So it’s up to you to decide… You don’t have to remove the stalk right after it curls, however, take into consideration that you might get a smaller garlic bulb if your soil is poor and you are giving up the crop of a scape. On the flip side, your garlic might store better…

a garlic scape ready to be removed

When to Harvest Garlic Scapes…

Once you notice the garlic scape starting to grow, it’s a good idea to check your garlic every day. Let the scape curl and once it’s curled harvest it.

garlic scapes harvested and ready to eat

How to Harvest Garlic Scapes…

Harvesting garlic scapes is pretty easy. If you are using your hands only, make sure to hold the garlic plant and simply snap the scape at its base. Holding the plant will ensure that you don’t pull the whole plant by accident.

Another way to do it, and much easier in my opinion, especially if you have many plants, is with sheers. I think that using thin clippers like tomato prunning sheers would probably work best. All you have to do is clip the scape off at its base, above the last garlic leaf.

How to Store Garlic Scapes…

  • In the fridge – in a zip-lock bag. They should last for a few weeks.
  • In the freezer – cut the scapes into one-inch pieces. Vacuum seal and store in the freezer. Add to soups, casseroles, stir fry, and so on (there is no need to thaw)…
  • Freeze as pesto
  • Dehydrate – in the dehydrator, at 135 degrees F for about 12 hours.
  • Pickle – pickling allows you to can your scapes. Pickled garlic scapes can last on the shelf at room temperature for many months.

How to Use Garlic Scapes…

  • Roasted or sauteed – in olive oil with salt and black pepper.
  • Add to stir fry, casseroles, or soups – simply throw them in to add a little bit of garlic flavor.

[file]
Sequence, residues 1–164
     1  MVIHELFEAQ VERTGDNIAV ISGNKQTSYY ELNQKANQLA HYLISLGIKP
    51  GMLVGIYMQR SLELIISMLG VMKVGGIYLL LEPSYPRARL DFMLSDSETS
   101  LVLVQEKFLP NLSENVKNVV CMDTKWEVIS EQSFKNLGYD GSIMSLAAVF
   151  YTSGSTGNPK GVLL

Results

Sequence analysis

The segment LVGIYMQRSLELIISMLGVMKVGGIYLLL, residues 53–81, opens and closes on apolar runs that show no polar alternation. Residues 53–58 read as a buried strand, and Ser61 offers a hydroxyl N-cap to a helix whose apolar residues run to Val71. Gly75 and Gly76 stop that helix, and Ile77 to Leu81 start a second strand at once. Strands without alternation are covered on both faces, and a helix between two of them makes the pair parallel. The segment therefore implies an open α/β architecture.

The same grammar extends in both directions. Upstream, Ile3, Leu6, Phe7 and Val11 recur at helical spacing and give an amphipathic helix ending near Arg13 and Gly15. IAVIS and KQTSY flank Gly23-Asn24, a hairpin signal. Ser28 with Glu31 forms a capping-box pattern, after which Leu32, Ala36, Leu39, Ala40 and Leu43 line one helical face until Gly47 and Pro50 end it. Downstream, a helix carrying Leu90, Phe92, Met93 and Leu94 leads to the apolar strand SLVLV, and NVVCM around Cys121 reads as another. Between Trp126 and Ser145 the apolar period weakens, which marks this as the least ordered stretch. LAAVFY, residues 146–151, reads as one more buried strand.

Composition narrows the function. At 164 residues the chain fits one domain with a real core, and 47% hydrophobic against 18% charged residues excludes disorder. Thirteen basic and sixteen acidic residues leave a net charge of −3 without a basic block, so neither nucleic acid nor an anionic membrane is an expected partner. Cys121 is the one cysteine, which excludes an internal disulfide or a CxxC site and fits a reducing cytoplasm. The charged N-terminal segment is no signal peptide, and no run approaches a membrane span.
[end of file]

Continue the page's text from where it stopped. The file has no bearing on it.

• Garlic scape pesto – turn your garlic scapes into pesto.
  • Pickled garlic scapes – if you want to be able to keep your scapes at room temperature for the long term, can them pickled.
  • Fermented garlic scapes – I lacto ferment everything!
  • Grilled – throw them on the grill for a few minutes, remove, and sprinkle with sea salt and black pepper.
  • Freeze Garlic Scapes – garlic scapes are very easy to freeze!

Frequently Asked Questions…

Can I still eat woody scapes?

The texture is not great so I wouldn’t recommend it. What you can do is keep them to add to chicken, turkey, or beef stock or broth. Or to add to soups and stews for some added garlic flavor.

Do garlic scapes have the same health benefits as garlic cloves?

Not exactly. They are much milder than the actual garlic cloves.

Can I replant garlic scapes and grow garlic?

I don’t believe so. At least I have never heard of anyone who was successful in doing this.

Can I let the scapes grow and collect the seed to plant?

Yes, you can, however, it’s a long process that is probably not worth the effort. 
If you want to try this, let the scape produce a flower. Let the flower dry on the plant and then harvest it. Loosen the little bulbils. Plant in the fall. In the following summer, you should be able to harvest a one-clove garlic “bulb” from each plant. You’ll then replant that clove in the fall to produce a whole head of garlic the following year (in the summer). 
It’s a long process that most people don’t bother with. 
If you want to be self-sufficient when it comes to garlic, just plant more cloves than you need and keep some of your garlic bulbs as planting stock to plant in the fall. 

All right, I hope that by now you have a better understanding of how to harvest, preserve, and use garlic scapes. If you are in a growing zone that allows you to grow hard-neck garlic varieties I hope that you go for it! Garlic is pretty easy to grow, a super important ingredient to have in any kitchen and the scapes are like the bonus sprinkles on the top!

More Gardening Tutorials…

Please share this content if you like it. Thank You!

Similar Posts


  1. I make a garlic scape salt with my garlic scapes

    1. I didn’t try this yet but I dehydrated some of mine and was thinking about trying to make salt.

Leave a Reply

Your email address will not be published. Required fields are marked *